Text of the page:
This is no way to live. It does not pay to work in this country, or struggle like I am. I would be MUCH further ahead if I did not work…what a shame. I would get food stamps, free health care, and other perks that I do not get trying, and failing to make ends meet. I have had it, and I just have nowhere to turn. I never expected to make a lot upon graduating from college, but I did expect to make enough to be able to pay my bills. It is utterly depressing, and I have major esteem issues that I cannot overcome. Ten years ago I thought college would be my greatest investment, now I know it is my worst. I apologize for this being such a ramble, but I am utterly frustrated. It just does not pay to work.
Joshua Bigley, 24
Struggling in Academia
I’m 28 years old and in the 4th year of my PhD program in English at the University of Illinois. As I write this, the graduate employees union is holding a strike vote; we’ve been working without a contract for 10 weeks, and the administration refuses to negotiate on wages and insists on including a furlough clause in our contract, allowing them to furlough us for up to 30 days. (This is, of course, the same university where the president, chancellor, and half of the Board of Trustees just resigned amid an admissions scandal. The president and chancellor are allowed to keep their $400,000 salaries as they move back to faculty positions.)
I bought a house when I moved here, which seemed like a good investment in an affordable real estate market, but my grad stipend has not kept up with the rate of inflation. My boyfriend lost his teaching job last year and moved in with me. He was collecting unemployment, which wasn’t enough, and I had to take out student loans for the first time in my life to cover the expenses. He’s now in grad school at another university in Illinois and currently struggling to pay his tuition; he might even have to drop out of school next semester if he can’t pay his bill. I hoped to leave graduate school with no student loans, but it looks instead like I’ll have close to $20,000 in loans when I leave, and that’s not counting credit card debt or my mortgage.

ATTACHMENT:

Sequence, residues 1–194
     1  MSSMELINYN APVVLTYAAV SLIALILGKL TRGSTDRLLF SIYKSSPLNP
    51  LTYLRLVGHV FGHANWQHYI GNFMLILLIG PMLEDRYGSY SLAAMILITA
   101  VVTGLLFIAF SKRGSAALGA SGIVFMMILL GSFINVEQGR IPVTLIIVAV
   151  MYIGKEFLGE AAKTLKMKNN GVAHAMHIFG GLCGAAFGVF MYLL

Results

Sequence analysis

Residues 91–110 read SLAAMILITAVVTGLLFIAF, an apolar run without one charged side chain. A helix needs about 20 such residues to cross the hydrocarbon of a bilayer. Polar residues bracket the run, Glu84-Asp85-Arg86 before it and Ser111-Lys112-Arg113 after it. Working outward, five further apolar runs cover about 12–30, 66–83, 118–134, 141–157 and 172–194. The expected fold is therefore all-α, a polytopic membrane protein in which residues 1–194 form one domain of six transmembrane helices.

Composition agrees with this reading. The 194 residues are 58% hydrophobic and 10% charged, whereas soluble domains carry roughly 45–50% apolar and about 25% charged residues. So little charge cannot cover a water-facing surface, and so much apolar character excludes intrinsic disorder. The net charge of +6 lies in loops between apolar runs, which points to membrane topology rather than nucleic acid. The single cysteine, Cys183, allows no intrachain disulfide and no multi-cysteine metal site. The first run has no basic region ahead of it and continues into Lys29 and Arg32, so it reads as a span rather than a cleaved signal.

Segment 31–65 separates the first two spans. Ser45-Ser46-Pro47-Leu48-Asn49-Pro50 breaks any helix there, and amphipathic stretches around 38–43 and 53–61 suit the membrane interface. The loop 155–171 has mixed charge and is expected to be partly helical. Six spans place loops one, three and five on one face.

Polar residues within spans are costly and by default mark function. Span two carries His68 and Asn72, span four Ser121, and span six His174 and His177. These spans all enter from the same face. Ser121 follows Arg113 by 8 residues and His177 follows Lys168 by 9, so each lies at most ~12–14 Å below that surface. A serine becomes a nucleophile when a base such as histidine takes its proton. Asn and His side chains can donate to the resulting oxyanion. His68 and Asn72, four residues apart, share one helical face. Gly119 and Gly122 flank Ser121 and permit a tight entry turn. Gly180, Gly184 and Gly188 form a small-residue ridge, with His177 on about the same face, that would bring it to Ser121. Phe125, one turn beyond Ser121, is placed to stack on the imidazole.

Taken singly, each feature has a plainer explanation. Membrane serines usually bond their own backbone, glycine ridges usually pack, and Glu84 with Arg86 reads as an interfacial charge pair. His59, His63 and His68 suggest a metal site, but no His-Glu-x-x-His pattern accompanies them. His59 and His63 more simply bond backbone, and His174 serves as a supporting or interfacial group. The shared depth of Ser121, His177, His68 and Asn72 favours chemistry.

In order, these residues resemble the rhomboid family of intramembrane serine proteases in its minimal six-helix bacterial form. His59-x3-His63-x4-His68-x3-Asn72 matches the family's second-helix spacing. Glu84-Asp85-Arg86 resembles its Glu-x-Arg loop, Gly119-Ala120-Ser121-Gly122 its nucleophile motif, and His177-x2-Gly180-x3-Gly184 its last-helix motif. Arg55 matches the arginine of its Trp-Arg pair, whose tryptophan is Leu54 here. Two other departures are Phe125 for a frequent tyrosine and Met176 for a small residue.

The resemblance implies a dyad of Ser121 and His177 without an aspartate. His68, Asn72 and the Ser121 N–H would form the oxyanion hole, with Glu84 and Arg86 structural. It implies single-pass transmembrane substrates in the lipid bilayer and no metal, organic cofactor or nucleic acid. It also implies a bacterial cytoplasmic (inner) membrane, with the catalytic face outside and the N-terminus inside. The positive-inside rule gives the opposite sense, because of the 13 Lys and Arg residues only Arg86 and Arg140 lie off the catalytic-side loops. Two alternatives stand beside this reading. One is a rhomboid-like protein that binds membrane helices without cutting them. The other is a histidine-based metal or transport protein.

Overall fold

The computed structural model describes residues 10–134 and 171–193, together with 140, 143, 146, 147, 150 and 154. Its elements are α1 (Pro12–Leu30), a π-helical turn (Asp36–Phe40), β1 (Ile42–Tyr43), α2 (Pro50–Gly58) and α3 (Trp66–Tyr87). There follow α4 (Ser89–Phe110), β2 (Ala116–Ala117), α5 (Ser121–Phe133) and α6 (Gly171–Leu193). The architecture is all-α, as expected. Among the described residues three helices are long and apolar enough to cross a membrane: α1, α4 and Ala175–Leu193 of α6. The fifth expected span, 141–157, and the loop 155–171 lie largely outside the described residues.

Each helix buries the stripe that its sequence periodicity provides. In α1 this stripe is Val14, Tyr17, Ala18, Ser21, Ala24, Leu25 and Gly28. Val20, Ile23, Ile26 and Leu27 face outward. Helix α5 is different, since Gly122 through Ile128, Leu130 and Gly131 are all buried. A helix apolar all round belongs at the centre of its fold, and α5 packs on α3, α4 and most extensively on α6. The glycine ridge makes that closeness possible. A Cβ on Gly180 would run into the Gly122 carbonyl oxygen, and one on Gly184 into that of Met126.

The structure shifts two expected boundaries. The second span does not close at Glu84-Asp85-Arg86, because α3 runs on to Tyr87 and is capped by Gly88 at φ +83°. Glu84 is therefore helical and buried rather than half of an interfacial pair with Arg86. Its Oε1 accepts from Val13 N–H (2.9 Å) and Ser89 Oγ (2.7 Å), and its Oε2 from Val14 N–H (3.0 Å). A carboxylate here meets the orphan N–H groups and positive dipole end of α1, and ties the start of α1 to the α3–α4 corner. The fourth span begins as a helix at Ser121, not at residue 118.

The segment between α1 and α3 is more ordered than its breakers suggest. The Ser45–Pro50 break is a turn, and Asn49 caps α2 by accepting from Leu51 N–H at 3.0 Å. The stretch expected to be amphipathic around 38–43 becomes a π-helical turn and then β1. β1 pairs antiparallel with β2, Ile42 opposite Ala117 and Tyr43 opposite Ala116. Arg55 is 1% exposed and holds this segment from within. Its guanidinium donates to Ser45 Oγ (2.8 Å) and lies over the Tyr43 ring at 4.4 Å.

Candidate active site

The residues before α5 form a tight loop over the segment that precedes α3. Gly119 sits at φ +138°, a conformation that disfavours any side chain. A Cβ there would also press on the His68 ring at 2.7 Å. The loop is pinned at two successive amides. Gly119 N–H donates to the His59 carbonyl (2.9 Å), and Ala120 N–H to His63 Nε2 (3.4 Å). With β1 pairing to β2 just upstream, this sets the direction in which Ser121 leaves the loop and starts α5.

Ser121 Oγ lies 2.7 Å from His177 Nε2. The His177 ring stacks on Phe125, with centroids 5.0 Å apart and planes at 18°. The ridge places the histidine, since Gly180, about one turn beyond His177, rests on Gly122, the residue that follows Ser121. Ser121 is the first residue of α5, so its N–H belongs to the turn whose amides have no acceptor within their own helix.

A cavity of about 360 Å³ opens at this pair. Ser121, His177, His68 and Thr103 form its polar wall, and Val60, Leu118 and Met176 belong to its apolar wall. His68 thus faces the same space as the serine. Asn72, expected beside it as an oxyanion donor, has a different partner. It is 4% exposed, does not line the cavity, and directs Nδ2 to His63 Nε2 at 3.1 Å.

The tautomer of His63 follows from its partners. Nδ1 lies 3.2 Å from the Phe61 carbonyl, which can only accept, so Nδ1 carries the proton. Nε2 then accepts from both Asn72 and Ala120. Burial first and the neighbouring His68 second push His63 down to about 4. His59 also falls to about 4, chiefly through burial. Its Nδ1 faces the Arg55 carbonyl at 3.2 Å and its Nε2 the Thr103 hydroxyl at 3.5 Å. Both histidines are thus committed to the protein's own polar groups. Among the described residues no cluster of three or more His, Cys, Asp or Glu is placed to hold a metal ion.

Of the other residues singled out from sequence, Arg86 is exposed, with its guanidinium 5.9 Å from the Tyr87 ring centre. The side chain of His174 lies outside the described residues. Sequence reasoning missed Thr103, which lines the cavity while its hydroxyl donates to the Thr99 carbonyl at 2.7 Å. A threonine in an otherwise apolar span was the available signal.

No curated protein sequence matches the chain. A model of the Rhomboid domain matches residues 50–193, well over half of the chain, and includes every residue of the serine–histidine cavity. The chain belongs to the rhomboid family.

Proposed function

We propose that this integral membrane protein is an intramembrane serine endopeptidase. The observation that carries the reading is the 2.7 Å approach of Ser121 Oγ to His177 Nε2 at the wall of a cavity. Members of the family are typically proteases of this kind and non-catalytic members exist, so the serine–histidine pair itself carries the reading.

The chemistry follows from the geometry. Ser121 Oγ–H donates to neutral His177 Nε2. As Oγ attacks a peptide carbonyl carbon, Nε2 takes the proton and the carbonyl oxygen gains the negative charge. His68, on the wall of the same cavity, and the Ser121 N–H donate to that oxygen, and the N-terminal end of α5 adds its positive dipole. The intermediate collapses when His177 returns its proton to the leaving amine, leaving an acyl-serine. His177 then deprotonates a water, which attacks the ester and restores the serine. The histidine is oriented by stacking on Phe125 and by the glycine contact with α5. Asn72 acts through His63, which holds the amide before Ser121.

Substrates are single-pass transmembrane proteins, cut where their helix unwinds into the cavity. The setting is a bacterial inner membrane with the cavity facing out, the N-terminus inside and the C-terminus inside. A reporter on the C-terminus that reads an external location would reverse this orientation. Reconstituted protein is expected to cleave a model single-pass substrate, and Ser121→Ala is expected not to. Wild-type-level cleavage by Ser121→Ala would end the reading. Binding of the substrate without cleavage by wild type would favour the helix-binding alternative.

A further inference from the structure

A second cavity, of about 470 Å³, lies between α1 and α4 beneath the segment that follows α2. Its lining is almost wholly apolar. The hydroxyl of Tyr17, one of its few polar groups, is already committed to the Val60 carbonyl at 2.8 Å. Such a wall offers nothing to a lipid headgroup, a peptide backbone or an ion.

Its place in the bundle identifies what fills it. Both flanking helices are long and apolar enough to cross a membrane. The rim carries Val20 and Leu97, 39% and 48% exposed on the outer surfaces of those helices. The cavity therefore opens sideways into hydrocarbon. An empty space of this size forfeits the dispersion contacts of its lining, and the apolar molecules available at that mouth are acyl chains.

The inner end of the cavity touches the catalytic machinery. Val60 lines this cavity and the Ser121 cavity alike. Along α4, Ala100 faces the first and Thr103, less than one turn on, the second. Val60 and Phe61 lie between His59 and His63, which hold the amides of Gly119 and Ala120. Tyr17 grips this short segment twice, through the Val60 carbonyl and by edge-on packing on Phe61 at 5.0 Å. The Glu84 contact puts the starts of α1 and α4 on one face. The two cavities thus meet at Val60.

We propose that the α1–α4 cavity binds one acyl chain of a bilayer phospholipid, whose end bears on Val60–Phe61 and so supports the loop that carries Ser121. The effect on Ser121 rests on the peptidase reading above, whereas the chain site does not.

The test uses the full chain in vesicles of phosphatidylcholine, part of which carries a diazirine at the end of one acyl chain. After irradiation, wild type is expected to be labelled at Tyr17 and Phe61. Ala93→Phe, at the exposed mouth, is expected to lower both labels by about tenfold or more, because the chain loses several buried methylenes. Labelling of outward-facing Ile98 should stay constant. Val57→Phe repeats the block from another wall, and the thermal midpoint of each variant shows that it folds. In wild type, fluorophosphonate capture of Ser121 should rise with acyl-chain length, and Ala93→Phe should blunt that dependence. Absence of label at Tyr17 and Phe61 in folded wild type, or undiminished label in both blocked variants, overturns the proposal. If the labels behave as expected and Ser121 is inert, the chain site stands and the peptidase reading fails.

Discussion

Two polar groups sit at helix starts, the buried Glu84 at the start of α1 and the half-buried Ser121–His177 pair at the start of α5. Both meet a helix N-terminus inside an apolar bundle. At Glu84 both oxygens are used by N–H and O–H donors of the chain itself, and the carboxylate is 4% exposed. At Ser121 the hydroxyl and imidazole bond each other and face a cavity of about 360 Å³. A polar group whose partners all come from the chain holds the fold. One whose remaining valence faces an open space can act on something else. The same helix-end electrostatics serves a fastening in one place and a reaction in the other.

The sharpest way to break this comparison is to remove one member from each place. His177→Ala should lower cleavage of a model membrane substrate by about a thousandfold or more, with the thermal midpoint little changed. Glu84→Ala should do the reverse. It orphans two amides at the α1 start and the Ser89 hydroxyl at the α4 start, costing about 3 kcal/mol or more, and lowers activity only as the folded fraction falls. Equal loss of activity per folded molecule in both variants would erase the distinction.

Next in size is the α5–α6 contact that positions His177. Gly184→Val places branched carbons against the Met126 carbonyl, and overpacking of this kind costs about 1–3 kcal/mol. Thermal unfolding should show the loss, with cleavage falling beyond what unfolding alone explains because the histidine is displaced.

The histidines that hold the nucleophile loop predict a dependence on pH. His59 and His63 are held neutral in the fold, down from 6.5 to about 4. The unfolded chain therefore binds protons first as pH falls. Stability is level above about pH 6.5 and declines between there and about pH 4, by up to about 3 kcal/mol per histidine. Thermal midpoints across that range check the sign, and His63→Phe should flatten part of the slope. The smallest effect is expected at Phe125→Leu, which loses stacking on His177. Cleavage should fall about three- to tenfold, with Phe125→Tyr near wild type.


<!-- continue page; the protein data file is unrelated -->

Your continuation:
My boyfriend and I are both struggling to pay our bills but can’t turn to our families for money. My father was diagnosed with colon cancer this year and has been faced with expensive medical bills for his chemo and radiation treatment, and this is with the supplemental cancer insurance he and my mother purchased years ago. My boyfriend’s mother had complications with heart surgery this summer, was in a coma for a week and almost died. She’s relied on her supplemental Medicare insurance to pay for her nursing home and rehabilitation treatment as she recovers; she’s been in the hospital for 4 months now.
The academic job market in my field is looking dismal and is not likely to improve in the near future. Given the current state of things, I’ll have trouble paying down my debt on an assistant professor’s salary, and that’s if I’m lucky enough to find a tenure track position when I go on the job market next year or the following year. Being a college professor was supposed to be a smart career move that would provide me with a job I love and financial stability. I’ve been in college for 10 years. As I see state and university budgets slashed, I know that all I have to look forward to is a job in which I’m overworked, underpaid, and held to unreasonable publishing expectations as university presses disappear. It really was not supposed to turn out this way.
Amber Buck, 28